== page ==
It’s In the Papers

It’s In the Papers

We’ve scoured the pages of newspapers recently added to the British Newspaper Archive website to bring you some P*rr*tt related articles.

American Register (London) 24 May 1884

John Parrott, the pioneer banker of San Francisco, who has just died worth $5,000,000, left everything in the hands of his wife during her life. Even a son over 21, who is give the profits of a large ranch, holds his gift only “as long as his mother approves of his conduct.”

Westminster & Pimlico News (London) 18 January 1890

The fifth vocal and instrumental concert of the season took place in the large hall at Pimlico Rooms, Warwick street, on Saturday evening last, when there was a fairly good audience present … a Fantasia on Gounod’s “Faust” was given by Mr. W. Parrott (violin) and Mr. T. Parrott (‘cello). The instrumentalists went through their pieces in good style, the well known “Soldiers’ Chorus” part being given as an encore in response to the continued applause.

Mr. W. Parrott subsequently gave a selection from “William Tell” (Rossini) on the violin, being accompanied on the violon cello by Mr. P. Parrott. The piece was played in an excellent manner, and Mr. W. Parrott showed himself to be a violinist of no mean order.

Indian Daily News (India) 14 October 1896

THE CHUDDERGHAUT BIGAMY CASE. ESCAPE OF PERRETT FROM PRISON. MADRAS, October 8 th . Perrett the accused in the Chudderghaut bigamy case, escaped from jail early yesterday with two native prisoners, who are undergoing six months’ hard labour. The three were locked up in one cell, and one of the natives, who was employed as cook, concealed a slicer of iron before being returned to his cell in the evening, and with this implement they excavated a hole in the wall just big enough to squeeze through, and decamped. The police at Secunderabad are vigorously in search of the escaped prisoners, scouts being detailed in every direction. It is generally believed that Perrett has either committed suicide or made away in the direction of Bangalore.

Liverpool Weekly Courier (Liverpool) 5 June 1897

On Wednesday, a painter’s apprentice named Jas. Parrott, 15 years of age, employed at the L. and N. W. Company’s Wagon Works, Earlestown, met with a shocking death. He was engaged blacking wheels with tar when the works engine, which had backed into the paint shop to draw out some wagons, started forward. The lad ran after the train to get his can which had hung on the lever of a wagon, and in doing so fell and rolled under the wheels, five wagons passing over his body and frightfully mutilating it. He died almost immediately.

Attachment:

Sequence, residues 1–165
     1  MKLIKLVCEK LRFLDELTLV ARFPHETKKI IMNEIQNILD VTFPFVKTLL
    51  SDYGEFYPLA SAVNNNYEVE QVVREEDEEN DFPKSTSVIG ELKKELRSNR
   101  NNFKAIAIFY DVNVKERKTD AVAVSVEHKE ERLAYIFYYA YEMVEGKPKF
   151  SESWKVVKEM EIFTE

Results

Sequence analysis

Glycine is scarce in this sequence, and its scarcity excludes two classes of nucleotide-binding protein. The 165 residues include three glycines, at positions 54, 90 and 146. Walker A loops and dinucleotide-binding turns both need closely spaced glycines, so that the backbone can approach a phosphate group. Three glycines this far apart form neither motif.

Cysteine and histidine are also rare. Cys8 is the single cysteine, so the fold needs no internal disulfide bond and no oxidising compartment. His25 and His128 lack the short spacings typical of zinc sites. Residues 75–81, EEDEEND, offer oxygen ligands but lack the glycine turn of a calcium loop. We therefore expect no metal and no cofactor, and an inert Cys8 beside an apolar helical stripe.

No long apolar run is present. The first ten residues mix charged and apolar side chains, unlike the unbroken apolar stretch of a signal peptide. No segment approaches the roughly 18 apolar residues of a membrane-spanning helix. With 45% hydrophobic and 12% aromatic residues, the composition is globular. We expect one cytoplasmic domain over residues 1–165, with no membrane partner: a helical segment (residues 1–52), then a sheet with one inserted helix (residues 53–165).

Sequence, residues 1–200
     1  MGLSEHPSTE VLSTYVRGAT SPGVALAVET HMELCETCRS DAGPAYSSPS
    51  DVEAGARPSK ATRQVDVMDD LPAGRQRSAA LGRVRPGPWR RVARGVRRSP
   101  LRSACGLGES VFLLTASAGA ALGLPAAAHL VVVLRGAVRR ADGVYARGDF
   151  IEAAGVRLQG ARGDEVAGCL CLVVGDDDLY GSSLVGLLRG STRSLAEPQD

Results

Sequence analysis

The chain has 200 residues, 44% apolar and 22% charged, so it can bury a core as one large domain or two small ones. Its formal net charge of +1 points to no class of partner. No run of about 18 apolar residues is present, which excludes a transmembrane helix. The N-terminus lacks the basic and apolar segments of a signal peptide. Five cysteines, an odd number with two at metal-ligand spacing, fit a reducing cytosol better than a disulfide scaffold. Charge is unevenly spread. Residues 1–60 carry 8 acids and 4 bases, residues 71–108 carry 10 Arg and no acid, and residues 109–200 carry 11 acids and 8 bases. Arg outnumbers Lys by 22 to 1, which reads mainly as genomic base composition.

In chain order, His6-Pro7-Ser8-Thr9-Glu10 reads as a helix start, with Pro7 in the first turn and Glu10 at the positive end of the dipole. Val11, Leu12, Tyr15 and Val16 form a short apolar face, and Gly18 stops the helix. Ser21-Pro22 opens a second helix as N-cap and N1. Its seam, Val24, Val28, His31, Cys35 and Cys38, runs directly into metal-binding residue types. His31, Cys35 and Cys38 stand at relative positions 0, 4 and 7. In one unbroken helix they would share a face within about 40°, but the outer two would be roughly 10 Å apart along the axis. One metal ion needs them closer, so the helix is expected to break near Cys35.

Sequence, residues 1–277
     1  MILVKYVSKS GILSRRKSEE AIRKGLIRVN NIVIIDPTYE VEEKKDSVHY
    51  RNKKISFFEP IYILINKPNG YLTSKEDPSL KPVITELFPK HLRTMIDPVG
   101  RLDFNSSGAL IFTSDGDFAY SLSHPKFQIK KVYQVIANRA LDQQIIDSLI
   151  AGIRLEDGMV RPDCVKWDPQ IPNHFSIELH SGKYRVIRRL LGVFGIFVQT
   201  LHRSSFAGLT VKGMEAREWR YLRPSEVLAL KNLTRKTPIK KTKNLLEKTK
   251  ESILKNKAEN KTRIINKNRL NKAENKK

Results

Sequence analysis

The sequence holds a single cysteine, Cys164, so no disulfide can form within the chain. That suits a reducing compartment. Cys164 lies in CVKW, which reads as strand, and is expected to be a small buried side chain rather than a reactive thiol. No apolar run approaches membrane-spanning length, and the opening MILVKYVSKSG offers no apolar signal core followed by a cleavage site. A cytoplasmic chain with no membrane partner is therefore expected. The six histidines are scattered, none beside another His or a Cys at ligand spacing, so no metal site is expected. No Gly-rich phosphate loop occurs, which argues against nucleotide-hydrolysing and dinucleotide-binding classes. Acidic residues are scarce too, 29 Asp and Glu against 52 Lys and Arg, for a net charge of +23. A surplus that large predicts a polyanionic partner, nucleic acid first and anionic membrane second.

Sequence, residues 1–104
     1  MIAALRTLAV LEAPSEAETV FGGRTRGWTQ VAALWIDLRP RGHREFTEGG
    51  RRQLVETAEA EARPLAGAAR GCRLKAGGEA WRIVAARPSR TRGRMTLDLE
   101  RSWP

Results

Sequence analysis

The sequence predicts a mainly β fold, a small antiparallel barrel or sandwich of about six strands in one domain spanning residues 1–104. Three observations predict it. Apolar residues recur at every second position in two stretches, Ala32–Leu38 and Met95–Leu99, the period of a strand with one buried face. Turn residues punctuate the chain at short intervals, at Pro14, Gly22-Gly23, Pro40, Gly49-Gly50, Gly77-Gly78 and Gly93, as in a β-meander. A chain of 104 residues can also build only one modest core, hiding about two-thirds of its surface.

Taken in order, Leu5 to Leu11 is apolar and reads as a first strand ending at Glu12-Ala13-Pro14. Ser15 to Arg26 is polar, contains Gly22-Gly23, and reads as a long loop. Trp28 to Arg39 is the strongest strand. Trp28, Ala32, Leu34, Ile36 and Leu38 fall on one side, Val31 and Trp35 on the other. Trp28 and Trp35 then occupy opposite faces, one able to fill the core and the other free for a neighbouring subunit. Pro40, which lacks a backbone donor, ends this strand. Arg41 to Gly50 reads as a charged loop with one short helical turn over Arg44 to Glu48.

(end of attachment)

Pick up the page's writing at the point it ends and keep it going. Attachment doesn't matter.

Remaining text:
Newry Telegraph (Northern Ireland) 4 July 1895

BETTING RAIDS IN BIRMINGHAM. HEAVY PENALTY. At the Birmingham Police Courts yesterday, Dinah Perrott, landlady of a beerhouse, and Thos Phipps, an occupant of that house, were charged with using the premises for the purpose of betting on three days in June. It was stated that some of the bets were accepted from children eight years of age. Phipps was fined £30 and costs, and the charges against Perrott were dismissed.

Thanet Advertiser (Thanet) 23 November 1918

LOCAL RECIPIENTS OF MEDALS. At the distribution of medals of the Order of the British Empire by the Lord Lieutenant at Maidstone on Wednesday the recipients included the following:

MISS GRACE PRISCILLA PERRITT, 3, Stanley place, St. Luke’s avenue, Ramsgate : displayed great courage and devotion to duty during air raids. Miss Perritt is deputy supervisor and first telephonist at the Ramsgate Exchange, and during air raids was on duty in a building that offered practically no protection.

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